Notes of Untitled Country – Beatitudes

    “We who wear thoughts of others like a suit and tie/ Part-time citizens, daytime criminals”, the biting socio-political and religious commentary commences.


    The voice is sage-like, firm and critical, holding light to the darkness of a country sinking in a quagmire of hypocrisy, deception and callousness.


    By turning the Beatitudes, a beloved Christian passage based on Jesus’ Sermon on the Mount, on its head, the poet transposes the sermon into the Ghanaian context. And what better way to speak to a country where over seventy percent identify as Christian and over ninety percent identify as religious? But the joke writes itself: How then do the fruits of these faiths we profess — honesty, integrity, love, kindness, empathy — allude us.


    The poem is scathing and spares no one in its way, from the higher ups — the political class  — to the masses and the clergy who, in the stead of being the conscience of the nation, have become co-opted into the theater of political gimmicks. We’re all to be involved in building our motherland, yet we have all, sadly, been  involved in ruining her.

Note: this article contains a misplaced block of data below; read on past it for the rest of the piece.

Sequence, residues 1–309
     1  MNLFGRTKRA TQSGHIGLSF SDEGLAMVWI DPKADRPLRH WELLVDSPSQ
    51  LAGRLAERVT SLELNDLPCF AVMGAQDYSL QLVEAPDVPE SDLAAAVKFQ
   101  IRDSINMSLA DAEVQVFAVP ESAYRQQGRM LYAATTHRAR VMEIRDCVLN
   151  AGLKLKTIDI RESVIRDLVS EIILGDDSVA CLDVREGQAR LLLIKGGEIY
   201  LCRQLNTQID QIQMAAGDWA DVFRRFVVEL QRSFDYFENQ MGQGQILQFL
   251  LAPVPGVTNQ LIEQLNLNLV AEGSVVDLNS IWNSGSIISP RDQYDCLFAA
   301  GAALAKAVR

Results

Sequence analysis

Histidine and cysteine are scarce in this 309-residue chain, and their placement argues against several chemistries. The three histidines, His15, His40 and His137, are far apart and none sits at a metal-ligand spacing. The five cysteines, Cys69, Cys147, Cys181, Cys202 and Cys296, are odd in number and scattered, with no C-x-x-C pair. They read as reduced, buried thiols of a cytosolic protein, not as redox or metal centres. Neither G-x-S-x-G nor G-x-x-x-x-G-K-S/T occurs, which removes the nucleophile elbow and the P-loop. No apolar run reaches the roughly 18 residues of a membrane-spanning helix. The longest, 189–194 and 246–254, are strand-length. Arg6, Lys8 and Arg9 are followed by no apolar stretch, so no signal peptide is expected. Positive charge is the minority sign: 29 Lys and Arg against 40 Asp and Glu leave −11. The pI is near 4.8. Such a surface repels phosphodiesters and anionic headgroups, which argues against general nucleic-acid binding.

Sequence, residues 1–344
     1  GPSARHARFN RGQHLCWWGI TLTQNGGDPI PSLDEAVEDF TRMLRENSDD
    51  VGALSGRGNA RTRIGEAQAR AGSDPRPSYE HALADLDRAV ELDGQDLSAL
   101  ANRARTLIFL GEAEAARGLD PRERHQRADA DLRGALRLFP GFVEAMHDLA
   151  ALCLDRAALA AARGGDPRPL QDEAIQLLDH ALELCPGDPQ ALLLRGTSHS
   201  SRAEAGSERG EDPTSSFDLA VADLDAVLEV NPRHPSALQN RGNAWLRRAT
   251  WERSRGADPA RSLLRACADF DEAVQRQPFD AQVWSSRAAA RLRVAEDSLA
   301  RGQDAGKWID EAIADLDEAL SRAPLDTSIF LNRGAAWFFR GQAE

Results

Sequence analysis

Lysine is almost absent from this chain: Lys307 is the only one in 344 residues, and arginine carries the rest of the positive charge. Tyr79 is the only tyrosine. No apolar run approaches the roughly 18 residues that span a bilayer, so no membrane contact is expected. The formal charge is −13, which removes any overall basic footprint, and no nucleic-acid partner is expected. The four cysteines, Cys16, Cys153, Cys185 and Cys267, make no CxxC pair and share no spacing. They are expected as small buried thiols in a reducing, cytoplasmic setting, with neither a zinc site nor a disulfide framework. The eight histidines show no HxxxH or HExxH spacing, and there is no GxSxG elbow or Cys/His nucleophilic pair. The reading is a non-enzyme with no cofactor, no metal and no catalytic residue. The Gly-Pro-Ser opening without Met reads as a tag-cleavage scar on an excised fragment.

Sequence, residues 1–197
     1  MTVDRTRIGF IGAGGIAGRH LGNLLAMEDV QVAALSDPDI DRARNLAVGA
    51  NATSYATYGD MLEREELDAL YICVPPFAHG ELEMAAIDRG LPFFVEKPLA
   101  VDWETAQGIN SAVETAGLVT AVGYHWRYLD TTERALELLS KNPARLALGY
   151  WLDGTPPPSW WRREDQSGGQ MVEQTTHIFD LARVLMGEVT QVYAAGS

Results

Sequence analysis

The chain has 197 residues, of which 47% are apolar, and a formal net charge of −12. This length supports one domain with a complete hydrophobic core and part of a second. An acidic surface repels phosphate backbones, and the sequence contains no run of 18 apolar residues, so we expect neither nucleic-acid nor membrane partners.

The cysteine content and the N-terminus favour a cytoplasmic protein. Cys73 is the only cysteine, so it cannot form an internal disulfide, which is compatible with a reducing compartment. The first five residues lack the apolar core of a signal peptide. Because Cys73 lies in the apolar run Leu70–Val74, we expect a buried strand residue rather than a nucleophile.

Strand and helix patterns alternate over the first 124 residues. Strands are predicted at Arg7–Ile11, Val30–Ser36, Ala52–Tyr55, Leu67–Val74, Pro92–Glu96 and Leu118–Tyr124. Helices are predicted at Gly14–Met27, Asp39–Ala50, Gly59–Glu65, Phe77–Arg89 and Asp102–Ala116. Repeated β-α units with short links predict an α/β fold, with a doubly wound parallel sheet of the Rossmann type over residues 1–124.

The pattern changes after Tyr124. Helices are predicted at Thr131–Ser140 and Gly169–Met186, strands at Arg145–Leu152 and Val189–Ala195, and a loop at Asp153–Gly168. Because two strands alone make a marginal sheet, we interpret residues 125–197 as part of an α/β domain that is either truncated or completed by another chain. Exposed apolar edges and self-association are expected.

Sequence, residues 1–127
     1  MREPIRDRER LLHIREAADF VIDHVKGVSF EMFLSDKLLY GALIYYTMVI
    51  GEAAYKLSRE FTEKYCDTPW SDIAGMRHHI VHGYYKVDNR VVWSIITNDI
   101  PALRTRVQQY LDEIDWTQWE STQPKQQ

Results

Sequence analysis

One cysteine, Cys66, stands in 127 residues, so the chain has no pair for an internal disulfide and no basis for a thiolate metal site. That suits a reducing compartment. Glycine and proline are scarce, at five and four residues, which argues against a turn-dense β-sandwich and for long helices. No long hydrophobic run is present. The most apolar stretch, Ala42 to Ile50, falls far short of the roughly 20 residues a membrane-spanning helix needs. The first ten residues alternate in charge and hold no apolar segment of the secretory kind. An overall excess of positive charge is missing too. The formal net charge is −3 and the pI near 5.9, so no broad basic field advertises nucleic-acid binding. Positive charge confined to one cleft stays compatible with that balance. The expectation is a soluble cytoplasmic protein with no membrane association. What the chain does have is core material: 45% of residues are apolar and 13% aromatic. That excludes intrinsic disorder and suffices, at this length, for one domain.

The servants-of-God-cum-servants-of-greed, befittingly christened “pastor-prenuers” dolling out “profit-cies”, have poisoned us with fear and sedated us against rallying together to ignite the change we so badly need. 


    Their earthly overlords cannot miss the shots aimed at them: “blessed be our politicians; blessed be their sacred tongues. Blessed be their holy lies; blessed be their priceless vows.” The persona hoots at the political class for carrying on like bandits allergic to integrity and commitment to the people they’ve been contracted to serve.


    In all this, the masses cannot count themselves blameless, knowingly and unknowingly offering ourselves as accomplices in their charade.


    This poem is not a witch-hunt to find certain offenders to wag fingers at. It ultimately reveals our own complicity, tugging at our personal and collective consciences and calls us to change. For the better.

    Written by,

    Anthony Morrison Kwavah

    Prev PostSawa Sawa - Album
    Next PostArtist Residency and Live Performance